An inclusive society welcomes all people with their cultural baggage, which also includes many words referring to religious, cultural, linguistic, identity or other aspects. A truly welcoming and inclusive society safeguards the uniqueness of each person and makes each person’s experience meaningful, in addition to belonging to a broad and composite community. It takes an intercultural approach in which there is a process of open and respectful exchange of views between different people and groups in a spirit of mutual understanding and respect. It is an encounter between different worlds or points of view and with the goal of getting to know each other and cooperating for positive change.
It is now a fact that we live in multicultural societies and that we are all subject to different cultural experiences and influences. Each person is the bearer of many riches and values and can make a positive contribution to society and to the people around them and whom they meet every day. The encounter with the other, with the subject ethnically and culturally different, represents a challenge, a possibility of exchange and reflection and, above all, an advantage and an opportunity for enrichment for the whole society.
Roberto Catalano, expert in interreligious dialogue, professor at Sophia University Institute
Once again, this year, as Christmas approaches, the age-old controversy over the typical symbols of Christian Christmas returns: should we eliminate them out of respect for the new religious presences in the West, or keep them?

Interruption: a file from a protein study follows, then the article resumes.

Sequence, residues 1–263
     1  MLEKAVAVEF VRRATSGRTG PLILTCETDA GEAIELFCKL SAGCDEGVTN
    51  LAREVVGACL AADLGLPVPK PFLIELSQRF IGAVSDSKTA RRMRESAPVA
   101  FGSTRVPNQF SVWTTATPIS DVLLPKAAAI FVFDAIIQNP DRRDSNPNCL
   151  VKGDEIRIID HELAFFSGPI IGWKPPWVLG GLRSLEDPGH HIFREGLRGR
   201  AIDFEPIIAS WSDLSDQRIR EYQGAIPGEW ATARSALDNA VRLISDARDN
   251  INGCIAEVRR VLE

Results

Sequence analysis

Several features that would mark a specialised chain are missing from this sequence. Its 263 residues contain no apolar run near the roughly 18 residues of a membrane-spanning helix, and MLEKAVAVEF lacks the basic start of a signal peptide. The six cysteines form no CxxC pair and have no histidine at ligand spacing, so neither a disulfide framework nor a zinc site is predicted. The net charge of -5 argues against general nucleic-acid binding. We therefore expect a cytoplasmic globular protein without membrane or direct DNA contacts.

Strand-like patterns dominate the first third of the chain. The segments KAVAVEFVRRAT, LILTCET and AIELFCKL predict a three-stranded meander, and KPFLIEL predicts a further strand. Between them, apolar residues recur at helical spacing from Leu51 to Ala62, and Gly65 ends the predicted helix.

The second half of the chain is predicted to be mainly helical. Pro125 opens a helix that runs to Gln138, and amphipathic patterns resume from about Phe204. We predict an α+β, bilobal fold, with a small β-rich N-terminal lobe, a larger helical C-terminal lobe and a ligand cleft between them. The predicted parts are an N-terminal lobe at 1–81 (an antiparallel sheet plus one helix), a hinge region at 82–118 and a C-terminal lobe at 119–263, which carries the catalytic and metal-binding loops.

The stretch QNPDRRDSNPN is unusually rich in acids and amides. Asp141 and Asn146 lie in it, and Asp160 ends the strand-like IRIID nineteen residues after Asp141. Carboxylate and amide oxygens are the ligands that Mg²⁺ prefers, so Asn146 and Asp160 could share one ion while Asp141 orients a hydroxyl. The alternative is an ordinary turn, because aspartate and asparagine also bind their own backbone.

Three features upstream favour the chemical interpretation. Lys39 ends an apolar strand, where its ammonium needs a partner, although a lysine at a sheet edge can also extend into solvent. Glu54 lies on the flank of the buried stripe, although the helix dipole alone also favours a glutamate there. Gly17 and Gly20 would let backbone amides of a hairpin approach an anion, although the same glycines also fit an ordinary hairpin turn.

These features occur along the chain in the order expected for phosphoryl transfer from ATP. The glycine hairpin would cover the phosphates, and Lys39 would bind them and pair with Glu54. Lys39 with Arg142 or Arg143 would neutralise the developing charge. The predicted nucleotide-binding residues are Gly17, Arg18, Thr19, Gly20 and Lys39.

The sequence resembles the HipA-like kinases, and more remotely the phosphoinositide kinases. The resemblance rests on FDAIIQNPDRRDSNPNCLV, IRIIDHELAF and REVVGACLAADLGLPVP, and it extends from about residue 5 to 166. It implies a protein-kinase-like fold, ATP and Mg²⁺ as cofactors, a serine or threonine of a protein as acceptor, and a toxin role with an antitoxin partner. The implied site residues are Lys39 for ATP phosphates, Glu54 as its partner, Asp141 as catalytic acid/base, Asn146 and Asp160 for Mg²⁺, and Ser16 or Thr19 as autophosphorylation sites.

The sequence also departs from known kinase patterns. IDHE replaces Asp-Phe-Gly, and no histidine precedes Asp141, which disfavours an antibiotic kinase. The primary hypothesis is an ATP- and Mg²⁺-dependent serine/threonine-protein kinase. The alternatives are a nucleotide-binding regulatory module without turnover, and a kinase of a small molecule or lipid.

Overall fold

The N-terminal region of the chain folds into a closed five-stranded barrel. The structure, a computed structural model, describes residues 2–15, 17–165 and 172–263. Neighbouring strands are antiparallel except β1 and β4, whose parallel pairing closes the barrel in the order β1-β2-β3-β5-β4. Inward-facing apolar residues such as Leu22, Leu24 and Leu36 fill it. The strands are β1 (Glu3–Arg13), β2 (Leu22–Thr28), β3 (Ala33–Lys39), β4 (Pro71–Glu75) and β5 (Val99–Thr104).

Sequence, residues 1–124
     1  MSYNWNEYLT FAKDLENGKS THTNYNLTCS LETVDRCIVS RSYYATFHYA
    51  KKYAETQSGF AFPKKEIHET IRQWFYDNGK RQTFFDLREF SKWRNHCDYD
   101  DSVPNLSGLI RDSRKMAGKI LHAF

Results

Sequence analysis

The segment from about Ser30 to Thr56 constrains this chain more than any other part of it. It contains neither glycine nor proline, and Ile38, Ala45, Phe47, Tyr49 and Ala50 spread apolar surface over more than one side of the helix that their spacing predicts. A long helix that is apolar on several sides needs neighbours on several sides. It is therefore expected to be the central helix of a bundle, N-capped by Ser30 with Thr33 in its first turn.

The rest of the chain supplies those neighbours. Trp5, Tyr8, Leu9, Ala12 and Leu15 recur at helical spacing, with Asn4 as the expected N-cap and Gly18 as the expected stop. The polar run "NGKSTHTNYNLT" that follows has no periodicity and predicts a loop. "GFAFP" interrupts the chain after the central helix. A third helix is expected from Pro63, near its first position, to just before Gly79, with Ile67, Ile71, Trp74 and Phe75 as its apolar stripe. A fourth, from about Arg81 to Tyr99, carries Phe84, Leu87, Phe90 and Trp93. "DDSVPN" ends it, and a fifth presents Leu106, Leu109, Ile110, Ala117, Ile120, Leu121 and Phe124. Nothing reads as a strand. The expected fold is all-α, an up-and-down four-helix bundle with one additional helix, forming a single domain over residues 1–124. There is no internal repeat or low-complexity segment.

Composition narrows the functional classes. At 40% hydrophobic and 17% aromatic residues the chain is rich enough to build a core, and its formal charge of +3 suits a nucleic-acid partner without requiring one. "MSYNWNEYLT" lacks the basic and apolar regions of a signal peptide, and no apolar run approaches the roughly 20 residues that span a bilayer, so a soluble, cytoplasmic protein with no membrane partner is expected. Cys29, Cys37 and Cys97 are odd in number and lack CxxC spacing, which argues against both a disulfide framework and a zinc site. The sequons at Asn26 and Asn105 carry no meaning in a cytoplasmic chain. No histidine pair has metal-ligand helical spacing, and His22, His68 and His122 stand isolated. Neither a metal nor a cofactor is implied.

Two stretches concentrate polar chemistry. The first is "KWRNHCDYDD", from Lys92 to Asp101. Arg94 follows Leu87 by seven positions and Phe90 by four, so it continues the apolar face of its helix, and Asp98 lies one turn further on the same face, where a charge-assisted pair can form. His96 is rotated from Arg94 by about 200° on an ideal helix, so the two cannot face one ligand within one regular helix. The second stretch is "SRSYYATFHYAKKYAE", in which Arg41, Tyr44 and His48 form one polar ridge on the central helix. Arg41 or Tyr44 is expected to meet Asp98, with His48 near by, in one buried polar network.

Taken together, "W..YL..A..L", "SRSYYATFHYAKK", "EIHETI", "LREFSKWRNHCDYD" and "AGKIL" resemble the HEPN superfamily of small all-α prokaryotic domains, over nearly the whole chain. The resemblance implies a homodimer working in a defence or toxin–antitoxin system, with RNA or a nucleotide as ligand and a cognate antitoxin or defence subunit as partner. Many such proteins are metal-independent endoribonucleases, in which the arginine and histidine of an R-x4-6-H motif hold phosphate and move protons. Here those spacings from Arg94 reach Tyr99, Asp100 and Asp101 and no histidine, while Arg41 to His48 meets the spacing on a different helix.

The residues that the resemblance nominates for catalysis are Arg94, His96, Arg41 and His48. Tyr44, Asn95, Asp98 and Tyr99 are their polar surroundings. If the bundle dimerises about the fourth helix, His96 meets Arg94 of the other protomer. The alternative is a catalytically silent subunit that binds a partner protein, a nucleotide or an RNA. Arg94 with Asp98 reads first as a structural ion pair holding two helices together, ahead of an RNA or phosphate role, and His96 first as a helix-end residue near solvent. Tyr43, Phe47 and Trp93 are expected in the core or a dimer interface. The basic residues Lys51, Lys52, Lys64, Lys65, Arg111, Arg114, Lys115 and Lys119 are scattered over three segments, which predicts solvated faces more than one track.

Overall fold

The issue is destined to last and to be enriched by tensions and controversies. Because at the root of these misunderstandings lie not so much the identities of others as our own. It should be emphasized that, with all the problems and issues related to them, migrants or those who have long since moved to our continent have their own identity. Especially if they are Muslims. It is we, instead, who are rather confused. It is interesting to note, in fact, that the various proposals and polemics have never arisen from complaints from ‘others’, but rather from local people or groups, from our own home. They usually arise from the secular – or better, secularist – Western world which, in the name of a coated desire to ensure the social integration of groups belonging to other cultures and religions, tends to flatten Western identity and its Jewish-Christian roots. Behind these attitudes, there is no respect for others, but rather a desire to flatten religious sentiment. It is the long wave of the legacy coming from the relativism of the Enlightenment. Faced with these polemics and the climate they stir up, people of other faiths find themselves even more disoriented on our Continent. They lack, in fact, the possibility of having clear references.